Bandits' Chuckie Robinson Uses Generational Wisdom to Earn Pro Shot
The crowd at Modern Woodmen Park groaned. With the bases loaded, two outs in the bottom of the eighth and the Bandits trailing second-place Kane County by three runs, Chuckie Robinson whiffed on a 2-0 fastball right down the middle.
“In that situation, you can’t make the moment too big,” Robinson said.
Nonetheless, two pitches later, the moment became big. Ahead in the count 3-1, Robinson cracked a grand slam over the left field fence to give the Bandits their first lead of the night, 5-4. Anxious spectators transformed in to 6,404 River Bandits fans roaring their approval.
“I got all of it,” Robinson recalled. “When I hit it, I watched it, trotted around the bags then celebrated with my boys in the dugout.”
Robinson’s blast proved to be the game-winner in the early June affair. With the win, Robinson and the Bandits stayed within striking distance in the wild card race with the All-Star break approaching. Despite leading the league in transactions in the first half, the Bandits were able to remain competitive in the Western Division with Robinson as a key component.
After Jake Rogers was promoted to High-A Buies Creek on May 15th, Robinson took over the everyday catching responsibilities. The 22-year-old’s grand slam has been one of many highlights since taking on his new role. He hit .281 with six homeruns and 34 RBI in the first half of the season. With his late first half surge, he earned a Midwest League All-Star Game nod. The selection allowed Robinson to reunite with two of his biggest heroes.
Robinson’s father and grandfather were in attendance in Midland, Michigan to watch the third generation catcher suit up for the West Division All-Stars. The eldest Robinson - Chuckie Sr. - caught for two seasons in the White Sox organization in the early 1960s. The River Bandits’ catcher’s dad – Charles Jr. – was drafted by the Kansas City Royals and also played in the Cubs farm system.
When the youngest Robinson was growing up, he recollects his family encouraging him to try any and all sports. Outside of baseball, the Danville, Illinois native dabbled in soccer, basketball and football. However, the allure of following in the footsteps of the previous two generations was too enticing to pass up.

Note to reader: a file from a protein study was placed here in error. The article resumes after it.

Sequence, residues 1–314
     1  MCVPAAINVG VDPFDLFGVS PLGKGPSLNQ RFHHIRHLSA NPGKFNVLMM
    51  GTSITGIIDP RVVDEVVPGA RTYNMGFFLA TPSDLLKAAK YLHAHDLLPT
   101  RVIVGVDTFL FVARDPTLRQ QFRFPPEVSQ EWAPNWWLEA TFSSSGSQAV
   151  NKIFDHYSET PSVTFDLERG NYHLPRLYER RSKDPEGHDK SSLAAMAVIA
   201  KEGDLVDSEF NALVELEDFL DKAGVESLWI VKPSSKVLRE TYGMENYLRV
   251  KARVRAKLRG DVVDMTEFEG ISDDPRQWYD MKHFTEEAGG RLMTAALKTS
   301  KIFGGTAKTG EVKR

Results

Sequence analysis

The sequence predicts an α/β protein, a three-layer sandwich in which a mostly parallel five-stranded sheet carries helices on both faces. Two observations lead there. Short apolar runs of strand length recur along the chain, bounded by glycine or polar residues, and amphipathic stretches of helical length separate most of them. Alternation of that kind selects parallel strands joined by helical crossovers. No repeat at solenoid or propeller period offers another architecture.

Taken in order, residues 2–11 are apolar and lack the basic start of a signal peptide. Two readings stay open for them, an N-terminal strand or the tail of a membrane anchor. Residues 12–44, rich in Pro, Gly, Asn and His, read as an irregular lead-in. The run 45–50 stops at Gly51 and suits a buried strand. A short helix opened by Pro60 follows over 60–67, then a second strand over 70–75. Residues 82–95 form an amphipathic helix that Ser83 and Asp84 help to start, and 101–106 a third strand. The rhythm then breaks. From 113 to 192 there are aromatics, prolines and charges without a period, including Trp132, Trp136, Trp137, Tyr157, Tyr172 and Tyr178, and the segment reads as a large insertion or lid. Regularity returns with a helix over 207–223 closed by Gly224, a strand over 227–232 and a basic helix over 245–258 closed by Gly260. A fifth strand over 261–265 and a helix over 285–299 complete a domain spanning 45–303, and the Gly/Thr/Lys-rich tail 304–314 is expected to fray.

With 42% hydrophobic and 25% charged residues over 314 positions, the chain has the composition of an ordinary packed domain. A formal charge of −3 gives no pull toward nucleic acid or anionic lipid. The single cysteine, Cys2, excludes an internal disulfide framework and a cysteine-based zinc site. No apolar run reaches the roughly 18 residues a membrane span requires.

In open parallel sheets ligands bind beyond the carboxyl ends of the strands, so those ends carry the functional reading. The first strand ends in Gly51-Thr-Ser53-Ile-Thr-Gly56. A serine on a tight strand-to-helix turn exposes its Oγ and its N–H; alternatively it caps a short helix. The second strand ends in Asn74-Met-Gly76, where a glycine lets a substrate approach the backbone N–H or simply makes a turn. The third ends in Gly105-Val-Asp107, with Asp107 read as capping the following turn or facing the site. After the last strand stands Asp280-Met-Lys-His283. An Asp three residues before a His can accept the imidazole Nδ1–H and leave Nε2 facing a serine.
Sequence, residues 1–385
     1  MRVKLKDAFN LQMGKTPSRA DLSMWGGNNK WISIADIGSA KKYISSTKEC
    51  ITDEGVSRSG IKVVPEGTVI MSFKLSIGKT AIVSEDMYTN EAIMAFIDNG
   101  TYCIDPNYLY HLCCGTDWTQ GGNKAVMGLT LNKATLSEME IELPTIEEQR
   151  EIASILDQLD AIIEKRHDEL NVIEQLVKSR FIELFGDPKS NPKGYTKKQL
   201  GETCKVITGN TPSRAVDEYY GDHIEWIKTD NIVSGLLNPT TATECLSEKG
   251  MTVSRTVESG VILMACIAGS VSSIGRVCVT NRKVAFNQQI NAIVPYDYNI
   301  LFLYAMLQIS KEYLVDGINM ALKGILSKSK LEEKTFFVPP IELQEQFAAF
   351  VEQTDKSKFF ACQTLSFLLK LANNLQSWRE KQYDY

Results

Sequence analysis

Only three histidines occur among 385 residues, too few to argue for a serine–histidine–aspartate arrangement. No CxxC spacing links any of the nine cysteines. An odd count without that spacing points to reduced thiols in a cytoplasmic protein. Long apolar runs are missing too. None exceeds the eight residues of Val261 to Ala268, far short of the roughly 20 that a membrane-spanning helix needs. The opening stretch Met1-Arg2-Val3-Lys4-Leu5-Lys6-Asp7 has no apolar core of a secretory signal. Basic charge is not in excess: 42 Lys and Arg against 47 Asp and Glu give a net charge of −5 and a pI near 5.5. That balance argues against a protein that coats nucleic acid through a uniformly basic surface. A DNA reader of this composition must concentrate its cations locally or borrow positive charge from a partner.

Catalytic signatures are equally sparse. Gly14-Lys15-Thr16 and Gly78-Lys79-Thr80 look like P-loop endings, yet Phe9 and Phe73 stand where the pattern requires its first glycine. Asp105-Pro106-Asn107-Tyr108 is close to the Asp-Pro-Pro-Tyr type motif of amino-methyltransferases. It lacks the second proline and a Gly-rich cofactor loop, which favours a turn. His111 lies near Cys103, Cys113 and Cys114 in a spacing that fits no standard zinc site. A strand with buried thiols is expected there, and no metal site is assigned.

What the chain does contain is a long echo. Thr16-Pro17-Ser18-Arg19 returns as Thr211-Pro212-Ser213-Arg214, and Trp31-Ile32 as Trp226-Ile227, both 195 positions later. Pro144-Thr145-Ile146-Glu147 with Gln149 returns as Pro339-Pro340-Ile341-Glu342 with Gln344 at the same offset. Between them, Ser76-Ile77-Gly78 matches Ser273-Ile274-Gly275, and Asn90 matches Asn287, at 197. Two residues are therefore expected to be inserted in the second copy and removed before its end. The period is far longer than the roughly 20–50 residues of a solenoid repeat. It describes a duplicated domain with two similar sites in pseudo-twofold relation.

“Me and my grandpa, we work with each other a lot. He’s been a big help in improving my game, even until today. In the offseason, that’s who I hit with,” Robinson said.
Learning the trade with grandpa, Robinson’s pursuit of a career in baseball has led him across the county. As a sixteen-year-old, the Midwesterner elected to play for a travel team in Atlanta. Playing in tournaments in the southeast, southern colleges expressed interest in the catcher. One of those schools was Southern Mississippi.
“I went down there and I fell in love. Obviously the winters aren’t as cold and that was very appealing,” Robinson said.
After committing to the Golden Eagles, Robinson turned in three strong seasons in black and gold, capped by a thrilling Conference USA Tournament Championship in 2016. After his junior season, the Astros called Robinson’s name in the 21st round of the MLB Draft.
While Robinson had to wait his turn to be the starting River Bandits catcher this season, he is thankful for where the journey has taken him and both of his mentors.
"I just want to be in a situation where I am playing pro ball," Robinson said.
Robinson is in that situation and he is thriving. While impressing large crowds at Modern Woodmen Park through the first few months of 2017, three generations of Robinsons may soon be ticketed for Buies Creek, Corpus Christi, Fresno and eventually Houston.